News & Events

  • Lecturer: Edwin Seroussi, Hebrew University, Jerusalem

    Tuesday, August 2, 2016, Moore Hall/Filene Auditorium, 4:30 pm

    Israel’s national anthem, Hatikvah (“The Hope”), is a perfect example of the early Zionist movement’s creative drive and haphazard, experimental character. It also exemplifies the elusiveness of the symbols of modern nation-states. The lecture will trace the history of the poem, its various iterations, and the music that was shaped to fit the poem. The political...

  • All That Are Left Of The House of Israel: The Revival of Judaism In World War II France And Its Postwar Impact

    Lecturer: Sarah Hammerschlag, University of Chicago

    Tuesday,  July 26, 2016, Moore Hall/Filene Auditorium, 4:30 pm

    The talk will consider the role of the Jewish boy scouts in the renewal of Judaism both during and after World War II in France.  It will show the dual influences of biblical archetypes and interwar youth culture on this movement and their impact on...

  • Tuesday, July 19, 2016, Moore Hall, Filene Auditorium, 4:30 pm

    "This lecture draws on Undeclared Wars with Israel:  East Germany and the West German Far Left, 1967-1989 recently published by Cambridge University Press. It examines the spectrum of antagonism to Israel coming from the East German government and West German organizations of the far left during these years. It was an antagonism that covered a spectrum from hostile propaganda, political warfare at the United Nations in New...

  • In his ground-breaking book, Year Zero, Professor Hillel Cohen, Visiting Professor of Jewish Studies at Dartmouth College, examines the violent riots that took place in Palestine in 1929, with Arab attacks on Jews and Jewish attacks on Arab. Arguing that the events of that year and – more importantly – the memory of the violence and the political uses of that memory, by Jews and Arabs, constitute a turning point in the history of the conflict between Israelis and Palestinians, with...

  • The Faculty of Arts and Sciences voted unanimously yesterday to grant the Jewish Studies Program permanent status. This is a wonderful achievement and we should be celebrating and thanking one another for all of our hard work over the years. 

    Special thanks go to those who were involved in founding the program twenty years ago, including Susan Ackerman, Ehud Benor, Shalom Goldman, Marianne Hirsch, Larry Kritzman, Leo Spitzer, and Barry Scherr. And to those who have chaired the program...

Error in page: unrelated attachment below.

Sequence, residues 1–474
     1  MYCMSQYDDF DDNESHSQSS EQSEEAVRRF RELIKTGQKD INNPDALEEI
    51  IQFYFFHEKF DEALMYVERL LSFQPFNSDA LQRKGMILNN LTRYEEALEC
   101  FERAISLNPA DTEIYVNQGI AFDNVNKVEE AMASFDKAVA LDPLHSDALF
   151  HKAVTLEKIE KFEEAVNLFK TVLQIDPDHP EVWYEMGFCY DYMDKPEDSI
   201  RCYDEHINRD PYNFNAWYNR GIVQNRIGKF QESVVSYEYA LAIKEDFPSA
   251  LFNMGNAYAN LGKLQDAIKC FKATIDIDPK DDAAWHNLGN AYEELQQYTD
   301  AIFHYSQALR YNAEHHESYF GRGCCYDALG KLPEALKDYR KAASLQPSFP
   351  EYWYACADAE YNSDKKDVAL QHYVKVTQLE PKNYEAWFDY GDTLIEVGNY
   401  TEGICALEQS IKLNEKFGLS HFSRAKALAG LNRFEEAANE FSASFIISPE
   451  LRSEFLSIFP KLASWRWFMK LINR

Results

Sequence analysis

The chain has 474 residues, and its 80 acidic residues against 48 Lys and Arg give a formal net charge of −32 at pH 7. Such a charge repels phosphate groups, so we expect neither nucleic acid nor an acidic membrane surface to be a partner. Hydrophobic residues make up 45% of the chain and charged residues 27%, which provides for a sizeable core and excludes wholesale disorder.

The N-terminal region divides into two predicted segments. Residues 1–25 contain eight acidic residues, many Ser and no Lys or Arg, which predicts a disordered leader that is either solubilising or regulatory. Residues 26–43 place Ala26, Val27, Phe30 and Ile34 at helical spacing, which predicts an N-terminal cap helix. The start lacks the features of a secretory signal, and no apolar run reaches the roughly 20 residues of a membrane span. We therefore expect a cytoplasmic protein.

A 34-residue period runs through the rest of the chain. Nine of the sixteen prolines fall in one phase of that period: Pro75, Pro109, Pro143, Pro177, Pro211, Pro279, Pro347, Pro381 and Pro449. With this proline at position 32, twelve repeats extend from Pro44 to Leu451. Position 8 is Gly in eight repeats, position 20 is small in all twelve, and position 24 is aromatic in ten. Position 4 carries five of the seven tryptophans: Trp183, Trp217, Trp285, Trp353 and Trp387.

• Cold War(m) Jewish Russian Folk Fusion

    Thursday, May 5, 2016, 7:00 pm, Hopkins Center (Top of the HOP),

    Psoy Korolenko and Polina Shepard

    Description: Neo-cabaret bringing together avant-garde & folklore, authentic & postmodern Klezmer, Russian & Soviet Jewish song

    POLINA SHEPHERD: “The Robert...

  • Given the extreme disruption caused by the Second World War, it would be easy to assume that the intellectual underpinnings of 20th-century international politics must have changed radically from the 1920s to the 1950s. Not so, argues Udi Greenberg, an associate professor of history, in his book The Weimar Century: German Émigrés and the Ideological Foundations of the Cold War, which has won the 2016 European Studies Book Award. Given every two years by the multi-disciplinary Council for...

  • Klaus Milich, a senior lecturer in Comparative Literature, Women’s, Gender, and Sexuality Studies, Jewish Studies, and the Master of Arts in Liberal Studies Program, has been named director of the Montgomery Fellows Program, effective Jan. 1, 2016.

    “Klaus brings a distinctly interdisciplinary approach to the directorship, drawing not only on his scholarship, but also on time spent as an essayist, writer, and journalist for German Public Radio and experiences conceptualizing and...

  • Lawrence Kritzman, the John D. Willard Professor of French and Oratory, and Professor of French and Comparative Literature and member of the Jewish Studies Steering committee for many years, has been award the Jerome Goldstein  Award for Distinguished Teaching. 

    Udi Greenberg, Associate Professor of History, has received the John M. Manley Huntington Award for Newly Tenure Faculty. 

    The Jewish Studies Program is grateful for their participation...

  • Lecturer: J. Edward Wright, Visiting Professor for the Religion Department at Dartmouth

    Tuesday, February 23, 2016, 4:00 pm, Haldeman 041

    This event is free and open to the public!

    About the lecture:

    Several books in the Greek version of the Jewish Bible were demonstrably not written by their alleged authors. Many of these books are now designated as “Pseudepigrapha” or “Apocrypha.” The term pseudepigrapha means “falsely written,” and the term apocrypha means...